The Political Economy of Rural Loan Recovery: Evidence from Bangladesh
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Publisher:Ohio State University. Department of Agricultural, Environmental, and Development Economics
Series/Report no.:Ohio State University. Department of Agricultural Economics and Rural Sociology. ESO (Economics and Sociology Occasional Paper). No. 1974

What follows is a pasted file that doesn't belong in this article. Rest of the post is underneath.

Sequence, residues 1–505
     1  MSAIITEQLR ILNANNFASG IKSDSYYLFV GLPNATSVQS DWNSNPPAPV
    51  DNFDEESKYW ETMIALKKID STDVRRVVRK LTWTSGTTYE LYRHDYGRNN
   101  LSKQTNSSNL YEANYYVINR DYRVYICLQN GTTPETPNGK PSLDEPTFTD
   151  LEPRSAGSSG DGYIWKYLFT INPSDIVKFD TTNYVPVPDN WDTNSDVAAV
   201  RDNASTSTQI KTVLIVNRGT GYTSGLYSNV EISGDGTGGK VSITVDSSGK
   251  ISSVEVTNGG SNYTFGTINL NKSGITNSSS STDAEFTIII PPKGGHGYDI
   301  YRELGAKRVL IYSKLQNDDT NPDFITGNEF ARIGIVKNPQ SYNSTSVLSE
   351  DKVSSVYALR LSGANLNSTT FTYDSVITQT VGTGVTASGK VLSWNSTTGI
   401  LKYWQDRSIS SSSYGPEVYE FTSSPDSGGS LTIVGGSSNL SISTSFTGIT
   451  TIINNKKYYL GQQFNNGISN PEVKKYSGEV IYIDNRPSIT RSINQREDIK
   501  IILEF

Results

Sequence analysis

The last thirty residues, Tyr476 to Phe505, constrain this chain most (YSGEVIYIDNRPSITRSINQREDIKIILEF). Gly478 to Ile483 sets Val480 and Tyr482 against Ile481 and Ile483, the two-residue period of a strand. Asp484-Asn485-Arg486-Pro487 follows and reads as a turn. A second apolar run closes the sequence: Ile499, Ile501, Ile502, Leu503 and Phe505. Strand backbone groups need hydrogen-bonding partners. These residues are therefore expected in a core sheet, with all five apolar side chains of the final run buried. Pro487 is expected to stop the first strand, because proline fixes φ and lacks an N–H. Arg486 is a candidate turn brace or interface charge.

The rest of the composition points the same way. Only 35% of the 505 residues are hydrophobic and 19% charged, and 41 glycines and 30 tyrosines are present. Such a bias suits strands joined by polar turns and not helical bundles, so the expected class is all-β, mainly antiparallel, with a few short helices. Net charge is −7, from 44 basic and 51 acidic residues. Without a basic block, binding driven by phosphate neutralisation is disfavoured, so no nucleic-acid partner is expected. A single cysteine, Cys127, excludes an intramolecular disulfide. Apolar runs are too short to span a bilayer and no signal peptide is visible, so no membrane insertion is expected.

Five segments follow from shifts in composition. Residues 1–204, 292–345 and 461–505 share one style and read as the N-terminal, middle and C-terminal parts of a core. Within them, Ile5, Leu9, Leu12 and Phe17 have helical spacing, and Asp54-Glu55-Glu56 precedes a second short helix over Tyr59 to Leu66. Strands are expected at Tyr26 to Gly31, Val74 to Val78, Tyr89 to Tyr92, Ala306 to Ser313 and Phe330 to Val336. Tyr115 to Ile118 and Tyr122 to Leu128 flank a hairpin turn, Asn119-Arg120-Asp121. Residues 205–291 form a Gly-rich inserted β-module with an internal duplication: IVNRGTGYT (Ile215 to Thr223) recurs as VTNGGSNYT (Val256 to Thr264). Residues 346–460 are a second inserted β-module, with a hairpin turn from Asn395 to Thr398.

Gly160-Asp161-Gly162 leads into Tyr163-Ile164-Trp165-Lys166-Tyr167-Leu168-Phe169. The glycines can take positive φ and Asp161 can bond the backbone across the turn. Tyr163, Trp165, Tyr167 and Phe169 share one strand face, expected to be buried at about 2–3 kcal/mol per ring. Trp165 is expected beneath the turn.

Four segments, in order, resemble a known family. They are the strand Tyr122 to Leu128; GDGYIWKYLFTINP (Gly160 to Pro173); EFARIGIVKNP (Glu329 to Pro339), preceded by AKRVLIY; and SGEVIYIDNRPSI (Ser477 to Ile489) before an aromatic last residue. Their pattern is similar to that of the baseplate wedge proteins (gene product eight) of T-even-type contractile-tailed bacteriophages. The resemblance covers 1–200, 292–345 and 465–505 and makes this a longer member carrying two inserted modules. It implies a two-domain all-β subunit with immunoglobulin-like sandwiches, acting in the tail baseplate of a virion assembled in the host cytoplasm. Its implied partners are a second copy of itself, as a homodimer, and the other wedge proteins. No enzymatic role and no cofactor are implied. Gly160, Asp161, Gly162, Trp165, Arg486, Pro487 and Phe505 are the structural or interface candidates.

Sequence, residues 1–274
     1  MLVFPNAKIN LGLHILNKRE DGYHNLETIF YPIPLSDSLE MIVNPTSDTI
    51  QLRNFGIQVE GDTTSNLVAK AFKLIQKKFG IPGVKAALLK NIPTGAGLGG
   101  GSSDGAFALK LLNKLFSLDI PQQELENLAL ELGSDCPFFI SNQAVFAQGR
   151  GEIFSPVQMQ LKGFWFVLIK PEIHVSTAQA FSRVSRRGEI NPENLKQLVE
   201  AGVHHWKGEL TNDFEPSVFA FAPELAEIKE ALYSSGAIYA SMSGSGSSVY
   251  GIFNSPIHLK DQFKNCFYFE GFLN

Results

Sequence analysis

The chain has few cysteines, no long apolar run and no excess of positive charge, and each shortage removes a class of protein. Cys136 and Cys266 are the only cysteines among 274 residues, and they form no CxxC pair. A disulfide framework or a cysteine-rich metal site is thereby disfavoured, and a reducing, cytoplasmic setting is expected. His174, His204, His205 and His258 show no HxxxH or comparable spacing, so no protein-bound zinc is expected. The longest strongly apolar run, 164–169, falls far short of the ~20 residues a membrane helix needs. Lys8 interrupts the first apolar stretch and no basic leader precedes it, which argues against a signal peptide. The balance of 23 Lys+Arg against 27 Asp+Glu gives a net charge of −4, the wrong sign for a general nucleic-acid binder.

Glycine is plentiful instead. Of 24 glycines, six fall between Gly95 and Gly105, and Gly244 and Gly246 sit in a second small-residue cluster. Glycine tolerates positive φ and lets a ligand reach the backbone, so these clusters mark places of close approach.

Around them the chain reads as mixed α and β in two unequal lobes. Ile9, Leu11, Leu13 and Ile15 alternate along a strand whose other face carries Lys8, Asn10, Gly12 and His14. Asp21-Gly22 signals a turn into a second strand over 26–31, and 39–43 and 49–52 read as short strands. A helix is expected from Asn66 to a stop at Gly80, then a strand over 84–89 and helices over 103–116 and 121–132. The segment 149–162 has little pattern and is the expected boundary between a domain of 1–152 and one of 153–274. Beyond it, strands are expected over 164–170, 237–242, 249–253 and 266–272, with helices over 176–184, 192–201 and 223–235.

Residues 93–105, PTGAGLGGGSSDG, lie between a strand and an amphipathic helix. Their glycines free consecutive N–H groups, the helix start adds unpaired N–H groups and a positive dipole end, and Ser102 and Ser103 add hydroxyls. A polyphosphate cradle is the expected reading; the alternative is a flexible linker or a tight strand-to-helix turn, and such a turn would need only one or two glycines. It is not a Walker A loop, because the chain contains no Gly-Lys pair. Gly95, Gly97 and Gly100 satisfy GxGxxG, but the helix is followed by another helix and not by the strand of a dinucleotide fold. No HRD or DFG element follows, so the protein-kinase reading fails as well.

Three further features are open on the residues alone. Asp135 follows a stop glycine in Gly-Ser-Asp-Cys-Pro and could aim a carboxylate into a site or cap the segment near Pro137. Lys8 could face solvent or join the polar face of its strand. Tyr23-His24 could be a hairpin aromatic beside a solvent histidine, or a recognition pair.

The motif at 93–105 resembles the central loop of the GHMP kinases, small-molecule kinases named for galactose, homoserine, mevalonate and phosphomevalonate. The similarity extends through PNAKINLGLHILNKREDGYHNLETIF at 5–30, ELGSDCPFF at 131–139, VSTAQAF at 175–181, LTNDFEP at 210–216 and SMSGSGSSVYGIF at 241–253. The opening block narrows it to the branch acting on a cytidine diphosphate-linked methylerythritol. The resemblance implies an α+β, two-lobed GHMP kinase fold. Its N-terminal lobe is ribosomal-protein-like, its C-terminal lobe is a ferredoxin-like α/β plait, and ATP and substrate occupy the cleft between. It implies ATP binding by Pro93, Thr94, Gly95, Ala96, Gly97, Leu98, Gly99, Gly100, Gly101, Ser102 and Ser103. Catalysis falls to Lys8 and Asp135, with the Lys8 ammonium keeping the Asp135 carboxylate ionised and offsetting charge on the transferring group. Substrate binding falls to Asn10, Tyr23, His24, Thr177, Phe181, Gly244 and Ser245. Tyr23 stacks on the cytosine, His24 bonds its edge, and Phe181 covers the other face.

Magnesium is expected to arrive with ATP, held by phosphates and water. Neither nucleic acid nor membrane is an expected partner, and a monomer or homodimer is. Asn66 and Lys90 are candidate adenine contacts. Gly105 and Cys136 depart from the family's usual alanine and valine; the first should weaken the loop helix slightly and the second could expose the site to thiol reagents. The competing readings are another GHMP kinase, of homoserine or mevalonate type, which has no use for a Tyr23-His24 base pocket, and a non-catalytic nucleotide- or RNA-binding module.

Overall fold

The rural loan recovery problem in developing countries is frequently analyzed from the perspective of borrowers or financial institutions. But a frequently overlooked problem is that borrowers often are discouraged to repay and/or institutions are not aggressive in loan recovery because governments intervene in rural financial markets to increase the prospects of getting re-elected. This political intervention may undermine the effectiveness of measures such as increasing real interest rates to improve loan allocation and recovery. A failure to address this political dimension in loan recovery analysis may lead to incorrect policy prescriptions. This paper provides an empirical analysis of how political interventions affect rural loan recovery in Bangladesh in the period 1980 to 1989. The results indicate that the negative effect of political intervention in loan allocation and recovery outweighs the effect of positive real interest rates. The government in Bangladesh intervenes in rural loan allocation and recovery formally through policies -interest exemptions, credit committees and interest rates - and informally through elected local government officials and local socio-political leaders. The intensity of informal intervention is expected to increase during an election period. Five variables - inflation rate, election years, interest exemption years, credit committee years and bank type - were included in the model used to explain loan recovery. The empirical results showed that elections, inflation rates, credit committees, and bank type affect rural loan recovery negatively, while interest exemptions affect it positively.